Reviews — 24 August 2012 » Written by
<i>Red Hook Summer</i> review

RED HOOK SUMMER is the latest installment in director Spike Lee’s informal “Chronicles of Brooklyn”, a loose body of films that includes SHE’S GOTTA HAVE IT, DO THE RIGHT THING, CROOKLYN, CLOCKERS, and HE GOT GAME.  RHS begins at the beginning, just as 12-year-old Flik Royale (Jules Brown) is dropped off in the projects of Red Hook, Brooklyn by his mother to spend the summer with his estranged grandfather, Bishop Enoch Rouse (Clarke Peters).  Bishop Enoch is ceaseless in his sermons to Flik, attempting to bring his entitled grandson into the light of Jesus Christ.  He is also ceaseless in his love.  Flik fights his internment from word one, and suffers a great deal of culture shock as compared to his settled and safe life in Atlanta.  But he meets a girl his age named Chazz Morningstar (Toni Lysaith) who shows him a few things about navigating the city and prompts him to question.  Despite the work Flick is obliged to do at Enoch’s financially ailing chapel A ‘lil Piece of Heaven, Flik slowly acclimates to this new world.  He gains a scope of how socially, morally, and emotionally complicated things really are, and that the world is much bigger than what he can see through his window back home.

Lee is highly perceptive of his characters’ internal drama, the exterior conditions that ensnare them, and the history – both personal and sociopolitical – that is their foundation.  He balances feelings of hopelessness and discomfort with moments of brightness and fortitude.  Bishop Enoch is a complex man with deep and full feeling, and if Clarke Peters doesn’t deserve an Oscar I don’t know who does.  Lee balances the intellectualism of his socially critical dialogues with a sense of comedy and youth, often in the same stroke.  Deacon Zee (Thomas Jefferson Byrd) embodies that balance in his mix of drunken physical comedy and his woeful monologues.  Lee also balances his portraiture of humanity with that of urbanity, bringing Brooklyn not only into the visual forefront but into the conversation.

Primary colors are exploited throughout.  Along with the glide of his camera which follows more classical cinematographic tracks, Lee creates a highly distinctive look, particularly for the HD format’s hyper resolution and color sensitivity.  Lee blends aesthetic anti-realism with tonal realism, and on this point, draws a link between himself and what Wes Anderson has been developing over the past 16 years.  With these most recent films as examples, both directors skirt lines between caricature and character, realism and anti-realism, yet always boasting sincerity.  Proximally, one can’t help but compare RHS’s Flik and Chazz to Sam and Suzy of Anderson’s Moonrise Kingdom; two sets of 12-year-olds (played by non-actors) confronting dissatisfaction with the mechanics of the world, struggling to find autonomy to affect those mechanics, and who screen themselves from the world’s ugliness through theater.  For Suzy and Sam, theater means storybooks and wild survivalism as they thrill in a well-planned escape.  Flik and Chazz, unable to flee but no less escapists, consult technology (flick’s ubiquitous iPad2) and religion.  Both Lee and Anderson wield such pungent deliberateness as per what appears on screen and the flow of events, a quality not least of which is expressed in the names of their characters.  They exhibit such practiced precision yet their films burst with vitality.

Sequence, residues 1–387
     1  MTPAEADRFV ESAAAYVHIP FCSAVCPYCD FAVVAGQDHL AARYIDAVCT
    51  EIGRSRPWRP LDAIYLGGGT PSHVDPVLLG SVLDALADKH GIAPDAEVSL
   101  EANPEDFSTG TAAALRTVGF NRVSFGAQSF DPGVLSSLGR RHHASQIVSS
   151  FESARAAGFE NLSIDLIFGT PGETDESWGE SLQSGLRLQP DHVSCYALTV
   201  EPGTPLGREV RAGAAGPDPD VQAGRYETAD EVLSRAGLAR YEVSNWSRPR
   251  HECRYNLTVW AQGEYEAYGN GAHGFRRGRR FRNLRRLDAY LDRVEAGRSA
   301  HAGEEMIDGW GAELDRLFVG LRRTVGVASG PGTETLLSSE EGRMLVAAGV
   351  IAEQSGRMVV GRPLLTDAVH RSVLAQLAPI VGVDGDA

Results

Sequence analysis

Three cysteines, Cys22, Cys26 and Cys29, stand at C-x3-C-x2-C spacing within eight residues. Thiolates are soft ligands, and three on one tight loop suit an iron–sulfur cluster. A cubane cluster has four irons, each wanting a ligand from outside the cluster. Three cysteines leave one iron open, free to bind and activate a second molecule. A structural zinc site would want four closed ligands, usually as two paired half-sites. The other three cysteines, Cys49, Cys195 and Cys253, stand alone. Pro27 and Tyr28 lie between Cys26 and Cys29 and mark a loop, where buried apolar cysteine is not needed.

Though the mix of actors and non-actors tends to polarize one another – the oversaturated and over-forced case of Chazz Morningstar being hardest to endure – the performances of Clarke Peters and Quincy Tyler Bernstein (as Chazz’z mother) stand out as revelatory (their understated scene together alone on the couch towards the middle of the film is as validating of the film as Terence Howard and Jodie Foster’s one-take café scene in The Brave One).  Even Jules Brown pulls off some fantastic moments of genuine precocity and indignance.

All told, RHS is a standout film for Lee and for 2012 on all points.  It is ultimately a fair and dynamic film with a fresh feel that renders an uneasy moral dilemma for the audience.  It affects deeply, and looks good while doing it.

Red Hook Summer opens today in Philly-area theaters.

Official site.


About Author

Aaron Mannino is a Philadelphia area artist, film enthusiast, and some other things. He has made contributions on film analysis to the publication Korean Quarterly. Visit his blog or his website for writings and art-ings.

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